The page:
Wong’s office denies accusation over disallowing civil assembly

In a reply to a written inquiry from lawmaker Sulu Sou, the Office of Secretary for Security denied that the security branch has overstepped its legal authority in not allowing civil assembly.
Sou’s written inquiry raised the question of whether the authority has crossed a red line in allegedly discouraging an assembly in support of the protests in Myanmar.
In response, the security official’s office has stressed that all decisions made by the authority were legal.
To support its claim, the Office of the Secretary said that in year 2019, two assemblies were barred, while in 2020, five assemblies and two protests were barred. The reason given by the office for the interdictions was that the two 2019 events were barred because their themes were illegal.
The events in 2020 were barred due to the Covid-19 pandemic, the office explained. The statement also stressed that the office was following guidelines issued by the Health Bureau. Nonetheless, the office did not give an explanation why 69 assemblies and two protests were allowed during the year.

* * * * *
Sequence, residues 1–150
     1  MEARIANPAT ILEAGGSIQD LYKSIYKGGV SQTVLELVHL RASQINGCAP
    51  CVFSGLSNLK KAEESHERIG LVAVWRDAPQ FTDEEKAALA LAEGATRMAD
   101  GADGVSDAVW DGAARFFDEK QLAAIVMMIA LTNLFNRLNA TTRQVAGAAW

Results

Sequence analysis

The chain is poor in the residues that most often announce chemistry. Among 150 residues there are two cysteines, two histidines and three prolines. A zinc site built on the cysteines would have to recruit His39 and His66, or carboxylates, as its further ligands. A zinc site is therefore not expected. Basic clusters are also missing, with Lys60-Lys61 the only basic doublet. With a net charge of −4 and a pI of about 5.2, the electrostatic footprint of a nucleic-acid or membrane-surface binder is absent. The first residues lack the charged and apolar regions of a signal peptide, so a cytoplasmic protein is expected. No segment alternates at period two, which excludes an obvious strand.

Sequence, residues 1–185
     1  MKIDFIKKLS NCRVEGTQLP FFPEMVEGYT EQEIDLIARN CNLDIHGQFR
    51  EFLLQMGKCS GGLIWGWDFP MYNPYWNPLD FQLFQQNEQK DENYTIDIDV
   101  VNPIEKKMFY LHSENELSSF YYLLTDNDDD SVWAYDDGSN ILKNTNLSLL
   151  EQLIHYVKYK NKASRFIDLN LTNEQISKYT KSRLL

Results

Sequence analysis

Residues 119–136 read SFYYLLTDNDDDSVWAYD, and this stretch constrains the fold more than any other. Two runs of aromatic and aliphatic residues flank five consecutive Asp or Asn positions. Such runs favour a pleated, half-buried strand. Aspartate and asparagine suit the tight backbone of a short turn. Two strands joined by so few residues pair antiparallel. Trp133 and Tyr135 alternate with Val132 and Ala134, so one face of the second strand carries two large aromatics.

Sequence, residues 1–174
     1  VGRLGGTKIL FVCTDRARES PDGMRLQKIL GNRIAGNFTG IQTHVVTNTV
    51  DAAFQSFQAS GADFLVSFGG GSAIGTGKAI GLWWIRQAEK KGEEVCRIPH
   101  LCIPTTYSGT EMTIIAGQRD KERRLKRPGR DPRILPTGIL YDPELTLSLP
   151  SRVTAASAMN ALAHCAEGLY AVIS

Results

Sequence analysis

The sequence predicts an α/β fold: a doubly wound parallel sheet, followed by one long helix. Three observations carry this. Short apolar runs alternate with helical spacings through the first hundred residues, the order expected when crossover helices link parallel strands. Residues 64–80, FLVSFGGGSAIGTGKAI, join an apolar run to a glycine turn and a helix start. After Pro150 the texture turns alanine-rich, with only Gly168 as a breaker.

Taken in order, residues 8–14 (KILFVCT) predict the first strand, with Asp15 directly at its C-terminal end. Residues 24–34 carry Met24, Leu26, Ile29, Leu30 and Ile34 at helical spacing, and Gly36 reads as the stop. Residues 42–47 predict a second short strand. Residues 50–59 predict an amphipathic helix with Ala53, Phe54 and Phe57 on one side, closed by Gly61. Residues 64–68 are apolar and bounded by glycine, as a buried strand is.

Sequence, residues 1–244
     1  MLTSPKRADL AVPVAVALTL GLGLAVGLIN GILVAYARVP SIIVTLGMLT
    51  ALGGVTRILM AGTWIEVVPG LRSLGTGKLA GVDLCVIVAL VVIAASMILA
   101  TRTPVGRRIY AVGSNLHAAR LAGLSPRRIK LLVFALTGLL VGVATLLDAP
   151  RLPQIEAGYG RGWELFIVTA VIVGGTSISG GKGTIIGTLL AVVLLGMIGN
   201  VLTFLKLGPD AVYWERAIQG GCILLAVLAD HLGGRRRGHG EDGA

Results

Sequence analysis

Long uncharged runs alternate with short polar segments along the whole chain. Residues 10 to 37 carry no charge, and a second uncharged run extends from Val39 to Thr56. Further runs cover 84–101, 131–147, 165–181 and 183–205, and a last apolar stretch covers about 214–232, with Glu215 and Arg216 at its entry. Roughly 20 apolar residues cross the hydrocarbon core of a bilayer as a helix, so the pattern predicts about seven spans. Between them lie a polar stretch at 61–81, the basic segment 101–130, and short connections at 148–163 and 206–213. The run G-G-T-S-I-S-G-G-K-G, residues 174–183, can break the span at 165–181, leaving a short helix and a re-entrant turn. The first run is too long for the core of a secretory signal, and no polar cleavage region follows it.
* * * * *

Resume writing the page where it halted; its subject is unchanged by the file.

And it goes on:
Sou also cited the Basic Law and the UN International Covenant on Civil and Political Rights, to underline the importance of protecting the rights of civil assembly and protest in Macau.
However, Wong’s office argued that there is no absolute freedom. It said the local laws do not allow civil assembly or protest of an unlawful nature. It stressed that permission for such activities is not at the discretion of the police. AL

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